Distance Collaboration with Shared Concept Maps

Distance Collaboration with Shared Concept Maps

Alfredo Tifi (World Wide Maps, Italy) and Antonietta Lombardi (World Wide Maps, Italy)
DOI: 10.4018/978-1-59904-992-2.ch007
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Abstract

This chapter aims to review Web-mediated practices in collaborative concept mapping which were set up in informal partnerships among teachers from different schools and countries, and their students. Starting with various examples of such practices, we will outline some models of collaboration which will be compared and criticised in the hope that they will be useful in challenging other teachers to plan suitable strategies for engaging in similar experiences. It is important firstly to examine the context in which distance collaboration can be established and then outline some theoretical background to show the reasons why this kind of collaboration should be recommended as an objective for educationalists.
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Introduction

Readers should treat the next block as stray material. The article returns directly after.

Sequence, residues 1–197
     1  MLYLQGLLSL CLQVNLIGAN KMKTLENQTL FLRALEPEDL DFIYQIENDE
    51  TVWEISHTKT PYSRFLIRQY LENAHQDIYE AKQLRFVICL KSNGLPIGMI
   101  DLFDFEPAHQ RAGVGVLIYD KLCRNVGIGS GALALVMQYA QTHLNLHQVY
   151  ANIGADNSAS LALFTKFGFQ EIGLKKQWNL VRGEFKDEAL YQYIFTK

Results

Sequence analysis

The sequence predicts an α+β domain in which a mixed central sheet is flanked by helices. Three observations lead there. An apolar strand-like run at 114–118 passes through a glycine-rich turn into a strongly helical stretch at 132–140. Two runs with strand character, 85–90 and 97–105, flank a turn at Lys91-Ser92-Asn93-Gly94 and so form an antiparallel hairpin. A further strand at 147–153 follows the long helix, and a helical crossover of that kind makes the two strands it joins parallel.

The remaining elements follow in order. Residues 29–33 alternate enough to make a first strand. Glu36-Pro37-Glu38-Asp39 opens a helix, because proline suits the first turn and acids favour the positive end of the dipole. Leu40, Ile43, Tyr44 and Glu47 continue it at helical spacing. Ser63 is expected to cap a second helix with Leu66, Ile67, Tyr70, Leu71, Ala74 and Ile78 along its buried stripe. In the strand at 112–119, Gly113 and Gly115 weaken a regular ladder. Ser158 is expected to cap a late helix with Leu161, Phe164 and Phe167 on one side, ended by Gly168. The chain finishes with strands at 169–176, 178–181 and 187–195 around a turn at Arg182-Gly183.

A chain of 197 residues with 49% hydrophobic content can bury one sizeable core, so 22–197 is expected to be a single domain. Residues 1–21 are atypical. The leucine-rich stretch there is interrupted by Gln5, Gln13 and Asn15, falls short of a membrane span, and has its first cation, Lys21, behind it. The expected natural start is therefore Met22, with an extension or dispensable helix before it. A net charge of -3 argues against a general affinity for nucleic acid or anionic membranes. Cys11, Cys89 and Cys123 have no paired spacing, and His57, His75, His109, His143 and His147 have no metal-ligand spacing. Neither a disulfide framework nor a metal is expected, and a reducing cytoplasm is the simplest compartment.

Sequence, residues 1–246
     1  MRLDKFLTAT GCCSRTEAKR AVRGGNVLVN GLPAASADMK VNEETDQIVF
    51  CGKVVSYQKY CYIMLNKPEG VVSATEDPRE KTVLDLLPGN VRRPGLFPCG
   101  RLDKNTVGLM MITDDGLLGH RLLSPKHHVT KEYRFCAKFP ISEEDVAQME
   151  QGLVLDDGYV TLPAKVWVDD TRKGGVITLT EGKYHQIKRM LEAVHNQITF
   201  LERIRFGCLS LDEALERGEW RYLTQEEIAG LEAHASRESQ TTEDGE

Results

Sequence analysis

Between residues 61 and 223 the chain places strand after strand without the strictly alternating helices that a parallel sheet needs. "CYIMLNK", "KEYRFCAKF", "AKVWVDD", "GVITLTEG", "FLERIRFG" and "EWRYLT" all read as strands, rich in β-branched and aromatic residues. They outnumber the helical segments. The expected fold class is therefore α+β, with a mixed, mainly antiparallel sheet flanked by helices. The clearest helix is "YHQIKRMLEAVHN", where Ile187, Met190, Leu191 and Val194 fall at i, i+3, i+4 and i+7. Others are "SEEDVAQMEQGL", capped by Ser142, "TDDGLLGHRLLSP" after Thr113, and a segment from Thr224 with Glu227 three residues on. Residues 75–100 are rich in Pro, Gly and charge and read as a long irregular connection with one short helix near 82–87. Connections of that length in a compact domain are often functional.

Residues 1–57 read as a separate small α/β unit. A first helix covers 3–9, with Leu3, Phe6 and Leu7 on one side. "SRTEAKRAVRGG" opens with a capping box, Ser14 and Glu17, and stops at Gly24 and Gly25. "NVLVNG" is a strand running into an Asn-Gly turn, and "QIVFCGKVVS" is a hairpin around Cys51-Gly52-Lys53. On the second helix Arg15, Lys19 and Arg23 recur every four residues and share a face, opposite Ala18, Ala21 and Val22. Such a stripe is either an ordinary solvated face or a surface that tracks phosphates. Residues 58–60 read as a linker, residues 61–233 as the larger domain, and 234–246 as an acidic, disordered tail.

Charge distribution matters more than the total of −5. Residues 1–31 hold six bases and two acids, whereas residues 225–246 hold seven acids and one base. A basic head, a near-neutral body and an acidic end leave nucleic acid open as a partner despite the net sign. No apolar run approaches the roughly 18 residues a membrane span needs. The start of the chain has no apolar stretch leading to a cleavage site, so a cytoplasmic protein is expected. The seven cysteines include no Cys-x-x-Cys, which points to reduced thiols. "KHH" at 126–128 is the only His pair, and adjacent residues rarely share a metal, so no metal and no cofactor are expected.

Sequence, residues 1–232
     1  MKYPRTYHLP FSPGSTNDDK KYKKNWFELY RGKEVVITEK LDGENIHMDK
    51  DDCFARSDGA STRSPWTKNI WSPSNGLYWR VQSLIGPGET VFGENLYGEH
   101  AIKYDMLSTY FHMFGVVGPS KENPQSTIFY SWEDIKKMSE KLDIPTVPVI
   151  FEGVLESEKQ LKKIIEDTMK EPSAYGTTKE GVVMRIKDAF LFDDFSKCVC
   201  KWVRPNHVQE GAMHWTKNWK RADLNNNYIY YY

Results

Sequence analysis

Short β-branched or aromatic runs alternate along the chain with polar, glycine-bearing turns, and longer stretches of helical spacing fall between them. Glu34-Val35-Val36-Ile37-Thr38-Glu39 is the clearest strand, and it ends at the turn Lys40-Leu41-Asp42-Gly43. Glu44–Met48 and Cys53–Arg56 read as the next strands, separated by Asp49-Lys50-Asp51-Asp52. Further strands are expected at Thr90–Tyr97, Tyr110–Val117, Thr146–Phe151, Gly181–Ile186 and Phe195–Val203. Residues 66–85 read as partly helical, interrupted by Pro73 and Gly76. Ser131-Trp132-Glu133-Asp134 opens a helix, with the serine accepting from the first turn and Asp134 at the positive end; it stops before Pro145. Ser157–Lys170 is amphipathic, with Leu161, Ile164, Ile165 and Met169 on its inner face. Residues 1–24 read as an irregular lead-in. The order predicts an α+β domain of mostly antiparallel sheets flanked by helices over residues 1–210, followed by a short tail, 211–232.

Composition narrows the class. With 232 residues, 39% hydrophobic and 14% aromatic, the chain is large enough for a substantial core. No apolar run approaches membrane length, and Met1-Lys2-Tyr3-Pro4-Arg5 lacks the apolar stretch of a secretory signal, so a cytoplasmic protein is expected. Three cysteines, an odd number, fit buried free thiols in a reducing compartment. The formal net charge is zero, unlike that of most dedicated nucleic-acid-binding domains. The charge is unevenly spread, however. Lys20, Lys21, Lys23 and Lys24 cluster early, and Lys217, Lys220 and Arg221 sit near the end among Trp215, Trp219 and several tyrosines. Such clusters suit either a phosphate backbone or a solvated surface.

WWMaps (World Wide Maps) is a community of practitioners aimed at establishing concept-mapping collaboration teams among groups of students from different countries. Unlike other international twinning initiatives (e.g.: etwinning in the European Lifelong Learning Programme), this community is unofficial and based exclusively on concept mapping.

The topics chosen by collaborating teams are mainly drawn from their curricula and cover such issues as the environment, citizenship, history, specific science topics etc., depending on the preferences of the teachers involved. It is nevertheless possible for partners to deal with inter-cultural topics or for teacher members of the community to debate educational topics.

The choice of Collaborative Concept Mapping (CCM)is doubly valuable. Concept mapping firstly facilitates the engagement of teachers of non-language subjects (such as L1, History, Maths or Science), although support from an L2 teacher is welcome. Secondly, concept mapping is more than a medium. It can be considered as a skill in itself, being a learning tool for metacognition that can be applied and transferred to other fields by pupils and teachers.

If these collaborative practices and technologies are to have a positive impact on local educational communities, they should be set up with objectives and expectations that are agreed and shared by both school partners. They should also incorporate strategies to assure effective interaction and sharing among students. These are the reasons for studying in depth the educational objectives of, and strategies for, an effective CCM.

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Background 1: The Context Of Collaboration